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|Title:||Screening of Three Light-Oil Reservoirs for Application of Air Injection Process by Acclereating Rate Calorimetric and TG/PDSC Tests|
|Citation:||Journal of Canadian Petroleum Technology, 2002; 41(3):50-61|
|Publisher:||Canadian Inst Mining Metallurgy Petroleum|
|Sarma, H.K., Yazawa, N., Moore, R.G., Mehta, S.A., Okazawa, N.E., Ferguson, H. and Ursenbach, M.G.|
|Abstract:||A series of Accelerating Rate Calorimeter (ARC) and Thermo Gravimetric Pressurized Differential Scanning Calorimeter (TG/PDSC) tests was conducted on oil-rock systems from three light-oil reservoirs (Oils A, B and C) to screen and evaluate the potential of the air injection process. ARC tests helped determine, a priori, whether the test oils would autoignite under reservoir conditions of pressure and temperature. Also, the limits of the low temperature range were established and Arrhenius oxidation kinetics parameters were estimated. The goals of the TG/PDSC tests were to identify temperature ranges over which the oil reacted with oxygen in the injected air, and to determine the fraction of the sample responsible for the reactivity. ARC and TG/PDSC tests demonstrate that Oils A and C offer favourable exothermic behaviour in the low temperature range with lower activation energies and low orders of reactions-the conditions typically favouring autoignition. The presence of rock material lowered the ignition temperature, confirming its impact on O2 uptake. Oil A had a lower energy generation (ignition) temperature, and a stronger and smoother transition to the higher temperature region. Both oils responded favourably during isothermal aging with air as manifested by a drop in the initial self-heating temperature (a 15°C drop for Oil A and a 10°C drop for Oil C). The third oil, Oil B, showed unusual characteristics, with almost no impact of the core material on the starting temperature of the exotherm; rather, the core material appeared to have acted as a heat sink. Overall, Oil B needed a much higher activation energy to ignite, and its order of reactions was very high. Furthermore, it showed no response to isothermal aging, and hence, it is less likely to autoignite in the reservoir. Results revealed that ARC and TG/PDSC tests could be an effective tool to rank and study the oxidation characteristics in the low temperature range of the candidate oils. Also, it was observed that the oil composition and rock mineralogy are important factors affecting the type and rate of the oxidation reactions occurring in the low temperature range.|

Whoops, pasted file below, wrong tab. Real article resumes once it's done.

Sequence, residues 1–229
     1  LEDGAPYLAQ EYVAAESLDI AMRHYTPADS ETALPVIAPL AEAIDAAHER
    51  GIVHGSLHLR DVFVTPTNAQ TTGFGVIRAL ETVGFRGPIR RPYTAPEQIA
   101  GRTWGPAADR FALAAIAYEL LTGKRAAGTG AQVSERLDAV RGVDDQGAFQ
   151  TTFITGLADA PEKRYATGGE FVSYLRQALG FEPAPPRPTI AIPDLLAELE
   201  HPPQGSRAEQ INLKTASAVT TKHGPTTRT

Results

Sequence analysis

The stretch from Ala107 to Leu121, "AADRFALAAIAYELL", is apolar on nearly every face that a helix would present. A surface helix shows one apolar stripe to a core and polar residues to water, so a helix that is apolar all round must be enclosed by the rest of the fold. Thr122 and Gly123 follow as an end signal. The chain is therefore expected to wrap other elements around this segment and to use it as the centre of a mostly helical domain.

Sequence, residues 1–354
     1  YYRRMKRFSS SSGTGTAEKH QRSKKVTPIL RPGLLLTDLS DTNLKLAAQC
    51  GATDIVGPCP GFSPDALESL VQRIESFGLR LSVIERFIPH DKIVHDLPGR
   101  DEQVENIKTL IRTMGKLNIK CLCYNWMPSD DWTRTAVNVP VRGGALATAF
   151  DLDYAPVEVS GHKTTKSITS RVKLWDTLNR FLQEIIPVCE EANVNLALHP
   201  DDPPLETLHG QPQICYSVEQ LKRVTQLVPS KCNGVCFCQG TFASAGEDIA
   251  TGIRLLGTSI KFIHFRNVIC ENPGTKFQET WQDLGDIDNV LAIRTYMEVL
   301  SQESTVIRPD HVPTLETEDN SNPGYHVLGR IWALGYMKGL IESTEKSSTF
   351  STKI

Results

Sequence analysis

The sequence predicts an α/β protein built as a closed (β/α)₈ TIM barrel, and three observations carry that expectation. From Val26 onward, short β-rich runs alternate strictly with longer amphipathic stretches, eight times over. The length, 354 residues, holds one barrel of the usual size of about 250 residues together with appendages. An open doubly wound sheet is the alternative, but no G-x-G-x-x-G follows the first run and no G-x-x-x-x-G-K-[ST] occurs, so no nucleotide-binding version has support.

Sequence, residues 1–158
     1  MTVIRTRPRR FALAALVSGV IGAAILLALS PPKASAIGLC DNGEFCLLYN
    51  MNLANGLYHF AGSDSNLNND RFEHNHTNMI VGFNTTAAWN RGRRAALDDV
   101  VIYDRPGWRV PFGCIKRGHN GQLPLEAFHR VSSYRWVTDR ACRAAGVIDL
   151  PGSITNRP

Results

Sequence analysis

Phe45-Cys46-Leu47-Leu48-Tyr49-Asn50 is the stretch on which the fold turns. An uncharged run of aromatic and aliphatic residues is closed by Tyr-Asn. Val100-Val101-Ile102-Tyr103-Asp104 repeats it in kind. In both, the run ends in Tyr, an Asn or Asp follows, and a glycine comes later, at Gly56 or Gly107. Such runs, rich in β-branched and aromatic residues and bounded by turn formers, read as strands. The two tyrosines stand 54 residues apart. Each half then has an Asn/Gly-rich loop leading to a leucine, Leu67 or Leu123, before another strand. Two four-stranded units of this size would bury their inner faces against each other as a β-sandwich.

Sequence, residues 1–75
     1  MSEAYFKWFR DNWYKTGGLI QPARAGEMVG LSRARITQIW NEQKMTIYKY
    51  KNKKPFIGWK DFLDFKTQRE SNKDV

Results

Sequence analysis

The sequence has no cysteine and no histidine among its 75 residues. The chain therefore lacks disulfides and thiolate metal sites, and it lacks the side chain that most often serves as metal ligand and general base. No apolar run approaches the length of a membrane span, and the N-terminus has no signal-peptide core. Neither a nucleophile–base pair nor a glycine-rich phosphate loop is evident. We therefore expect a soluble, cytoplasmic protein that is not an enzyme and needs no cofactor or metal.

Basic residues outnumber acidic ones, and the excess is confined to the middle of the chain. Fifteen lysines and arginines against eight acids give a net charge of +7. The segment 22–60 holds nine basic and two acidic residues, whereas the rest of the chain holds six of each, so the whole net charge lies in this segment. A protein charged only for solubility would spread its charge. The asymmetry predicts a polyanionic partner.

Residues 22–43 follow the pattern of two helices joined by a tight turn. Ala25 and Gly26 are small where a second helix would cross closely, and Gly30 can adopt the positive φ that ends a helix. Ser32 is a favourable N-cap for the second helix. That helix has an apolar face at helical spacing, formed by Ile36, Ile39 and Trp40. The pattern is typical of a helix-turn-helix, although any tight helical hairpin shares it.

|Appears in Collections:||Australian School of Petroleum publications|
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